Remix Hotel NYC

Remix Hotel NYCRemix Hotel is a convention that seems to be mostly targeted at and is obviously attended by a demographics of young DJs, electronic musicians and hip hop artists, but even though most of the gear on display might be from the so-called “pro-sumer” market section (when compared with the kind of gear at conventions like AES), the people attending Remix are from across the board and so it becomes increasingly interesting to interact with peers and musicians alike.

I checked out a few of the seminars this year, although I did not want to wait on line for half hour or more for the others. Hank Shocklee’s company organized all and moderated most of the panels. That guy just has a great sense for business and experience in the music field so I enjoyed the panels he moderated because he had a good idea of where to take the panelists and how to keep things moving, balanced, interesting and on topic.

Having the convention at SAE (School of Audio Engineering) where the rooms are somewhat acoustically isolated and where there is good gear in a lot of different rooms makes sense and is nice (it certainly adds to the atmosphere and to the whole experience), but I think Remix Hotel NYC might have to accept the fact that they outgrew the space and need to look for venues that can accommodate more people, to avoid creating huge lines that clog the hallways and keeping people from attending panels they might be interested in seeing.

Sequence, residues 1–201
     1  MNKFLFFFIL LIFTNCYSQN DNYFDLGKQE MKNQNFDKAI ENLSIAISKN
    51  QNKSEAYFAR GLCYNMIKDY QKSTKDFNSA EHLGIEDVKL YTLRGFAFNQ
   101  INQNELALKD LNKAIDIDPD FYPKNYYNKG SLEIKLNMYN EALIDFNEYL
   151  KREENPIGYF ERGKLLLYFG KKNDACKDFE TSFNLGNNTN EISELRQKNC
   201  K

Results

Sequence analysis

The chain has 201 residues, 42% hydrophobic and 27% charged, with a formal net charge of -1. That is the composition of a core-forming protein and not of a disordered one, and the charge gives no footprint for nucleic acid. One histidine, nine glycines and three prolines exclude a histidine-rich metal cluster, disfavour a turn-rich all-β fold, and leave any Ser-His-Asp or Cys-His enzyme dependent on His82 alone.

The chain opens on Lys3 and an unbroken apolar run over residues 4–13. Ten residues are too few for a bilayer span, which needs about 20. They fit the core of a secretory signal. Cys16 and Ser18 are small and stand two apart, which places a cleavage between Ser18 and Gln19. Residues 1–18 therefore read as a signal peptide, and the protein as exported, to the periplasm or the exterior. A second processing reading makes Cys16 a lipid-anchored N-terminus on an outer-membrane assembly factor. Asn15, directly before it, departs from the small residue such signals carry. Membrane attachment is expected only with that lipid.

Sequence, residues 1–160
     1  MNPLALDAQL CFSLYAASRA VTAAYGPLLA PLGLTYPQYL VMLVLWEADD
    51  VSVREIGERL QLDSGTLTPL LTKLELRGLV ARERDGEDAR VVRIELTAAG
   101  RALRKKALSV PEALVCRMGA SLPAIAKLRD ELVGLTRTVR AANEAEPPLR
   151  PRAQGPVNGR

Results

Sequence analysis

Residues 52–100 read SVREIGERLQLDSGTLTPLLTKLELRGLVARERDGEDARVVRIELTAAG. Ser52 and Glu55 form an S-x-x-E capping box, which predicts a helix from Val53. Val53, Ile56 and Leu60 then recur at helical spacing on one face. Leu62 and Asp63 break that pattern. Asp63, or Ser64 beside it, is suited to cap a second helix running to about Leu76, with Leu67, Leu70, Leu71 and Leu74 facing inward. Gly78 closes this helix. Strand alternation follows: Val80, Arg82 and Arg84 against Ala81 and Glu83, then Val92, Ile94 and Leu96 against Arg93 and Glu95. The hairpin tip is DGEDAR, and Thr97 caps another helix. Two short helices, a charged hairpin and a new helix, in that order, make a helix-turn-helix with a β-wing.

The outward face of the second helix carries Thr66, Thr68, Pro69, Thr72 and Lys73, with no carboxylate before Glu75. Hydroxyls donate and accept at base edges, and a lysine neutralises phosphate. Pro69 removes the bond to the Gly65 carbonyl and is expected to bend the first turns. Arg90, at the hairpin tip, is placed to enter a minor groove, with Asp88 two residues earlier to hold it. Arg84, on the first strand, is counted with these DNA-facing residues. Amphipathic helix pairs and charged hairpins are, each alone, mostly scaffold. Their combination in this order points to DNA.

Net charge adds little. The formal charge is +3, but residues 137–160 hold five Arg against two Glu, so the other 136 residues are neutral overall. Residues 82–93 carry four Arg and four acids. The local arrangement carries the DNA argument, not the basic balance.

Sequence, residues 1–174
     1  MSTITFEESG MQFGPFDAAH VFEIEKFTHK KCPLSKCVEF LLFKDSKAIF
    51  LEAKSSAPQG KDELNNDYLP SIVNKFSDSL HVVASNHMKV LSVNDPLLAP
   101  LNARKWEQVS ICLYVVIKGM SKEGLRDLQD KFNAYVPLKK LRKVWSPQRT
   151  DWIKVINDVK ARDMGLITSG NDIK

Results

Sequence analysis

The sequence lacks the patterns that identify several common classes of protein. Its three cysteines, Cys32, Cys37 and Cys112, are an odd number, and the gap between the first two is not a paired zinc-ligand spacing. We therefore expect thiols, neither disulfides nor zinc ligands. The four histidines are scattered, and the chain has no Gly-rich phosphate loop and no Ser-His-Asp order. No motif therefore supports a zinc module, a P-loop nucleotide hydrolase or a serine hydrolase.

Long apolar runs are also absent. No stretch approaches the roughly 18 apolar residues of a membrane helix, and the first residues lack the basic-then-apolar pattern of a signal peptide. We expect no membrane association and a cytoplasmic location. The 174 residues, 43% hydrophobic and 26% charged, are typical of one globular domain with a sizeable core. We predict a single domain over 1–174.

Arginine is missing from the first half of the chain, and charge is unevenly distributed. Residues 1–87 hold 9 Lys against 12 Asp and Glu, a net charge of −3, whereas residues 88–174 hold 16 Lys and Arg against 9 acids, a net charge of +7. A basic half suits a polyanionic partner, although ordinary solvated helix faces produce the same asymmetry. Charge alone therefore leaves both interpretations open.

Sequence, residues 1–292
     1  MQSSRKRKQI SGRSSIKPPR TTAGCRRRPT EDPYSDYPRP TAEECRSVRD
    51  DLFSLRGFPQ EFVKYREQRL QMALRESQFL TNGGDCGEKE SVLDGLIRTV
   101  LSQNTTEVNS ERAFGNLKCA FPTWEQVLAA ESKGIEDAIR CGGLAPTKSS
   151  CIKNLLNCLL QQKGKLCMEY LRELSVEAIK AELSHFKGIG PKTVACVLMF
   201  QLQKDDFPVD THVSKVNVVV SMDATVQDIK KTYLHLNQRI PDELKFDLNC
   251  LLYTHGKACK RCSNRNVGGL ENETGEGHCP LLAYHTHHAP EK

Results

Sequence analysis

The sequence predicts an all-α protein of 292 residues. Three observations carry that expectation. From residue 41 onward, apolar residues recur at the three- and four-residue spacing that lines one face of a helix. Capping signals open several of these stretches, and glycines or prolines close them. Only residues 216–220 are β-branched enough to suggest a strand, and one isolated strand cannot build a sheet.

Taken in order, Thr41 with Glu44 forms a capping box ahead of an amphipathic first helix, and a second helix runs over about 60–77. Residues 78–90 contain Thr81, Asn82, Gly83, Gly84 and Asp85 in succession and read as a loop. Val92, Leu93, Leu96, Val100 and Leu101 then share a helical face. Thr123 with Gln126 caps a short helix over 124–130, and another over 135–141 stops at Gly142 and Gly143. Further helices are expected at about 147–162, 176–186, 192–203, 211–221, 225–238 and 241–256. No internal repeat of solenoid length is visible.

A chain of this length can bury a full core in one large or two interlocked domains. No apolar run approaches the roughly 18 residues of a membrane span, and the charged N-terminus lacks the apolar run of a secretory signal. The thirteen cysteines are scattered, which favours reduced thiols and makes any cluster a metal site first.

Except for the crowd issues, I think the single most annoying thing about Remix Hotel attendees is that everyone calls himself/herself a producer…  I understand what they mean and where they are coming from but I just don’t think that owning a computer and a music software makes you producer, sorry. Hank Shocklee hit the nail right on its head when he intervened in one of the panels to point out that it’s about a lot more than just that… Sure, if we take into account the etymology of the word, we are all “producing” music my merely “making” music, but I don’t understand why at some point in time somebody started using that word to make them look cooler even though they never actually produced anything (at least not according to what “producing” meant until a few years ago). I guess this might be a by-product of digital technology (which I absolutely love and embrace, don’t get me wrong) but people like George Martin, Rick Rubin or even Timbaland must be rubbed the wrong way by this. Maybe I am just a bit nostalgic of the original meaning attached to the word, but producing is much more than “making” music, producing includes musical skills, knowing what works where and when, knowing who to hire to play what, knowing how to deal with people (many would argue that producers are also psychologists!) and much much more…

Anyway, aside from my little rant of the day, Remix Hotel was a fun weekend. The highlight for me was the fact that NARAS (the Grammy Awards accademy) had a VIP lounge with (not the greatest) food and (a decent selection of) drinks that definitely facilitated the whole networking aspect of things. I met a lot of cool new people, saw people I hadn’t seen in a while, made new connections etc etc… Actually the lounge was sponsored by the Producers and Engineers wing of NARAS, so I felt right at home and the NARAS people were very welcoming and great…

This was my second year at Remix Hotel NYC and I enjoyed it…

1 thought on “Remix Hotel NYC

  1. Lisa

    Hi, Marc!
    Nice meeting you at the Remix Hotel. Great site!

    Congratulations winning the Grammy Awards!
    Lisa Kyoko

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